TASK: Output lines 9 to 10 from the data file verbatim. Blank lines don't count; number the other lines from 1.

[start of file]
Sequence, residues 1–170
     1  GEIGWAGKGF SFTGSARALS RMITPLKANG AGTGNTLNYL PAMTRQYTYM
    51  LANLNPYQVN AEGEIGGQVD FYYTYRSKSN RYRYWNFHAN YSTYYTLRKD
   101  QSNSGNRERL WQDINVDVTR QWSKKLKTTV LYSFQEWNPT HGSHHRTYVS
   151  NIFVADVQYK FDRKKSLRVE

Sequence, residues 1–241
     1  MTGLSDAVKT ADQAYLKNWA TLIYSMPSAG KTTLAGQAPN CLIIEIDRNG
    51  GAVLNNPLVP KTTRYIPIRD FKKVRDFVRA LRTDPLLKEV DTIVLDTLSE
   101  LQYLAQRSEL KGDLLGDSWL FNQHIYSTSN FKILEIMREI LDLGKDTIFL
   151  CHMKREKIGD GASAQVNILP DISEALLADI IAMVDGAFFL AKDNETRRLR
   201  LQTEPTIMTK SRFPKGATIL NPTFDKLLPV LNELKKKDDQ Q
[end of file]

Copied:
   101  LQYLAQRSEL KGDLLGDSWL FNQHIYSTSN FKILEIMREI LDLGKDTIFL
   151  CHMKREKIGD GASAQVNILP DISEALLADI IAMVDGAFFL AKDNETRRLR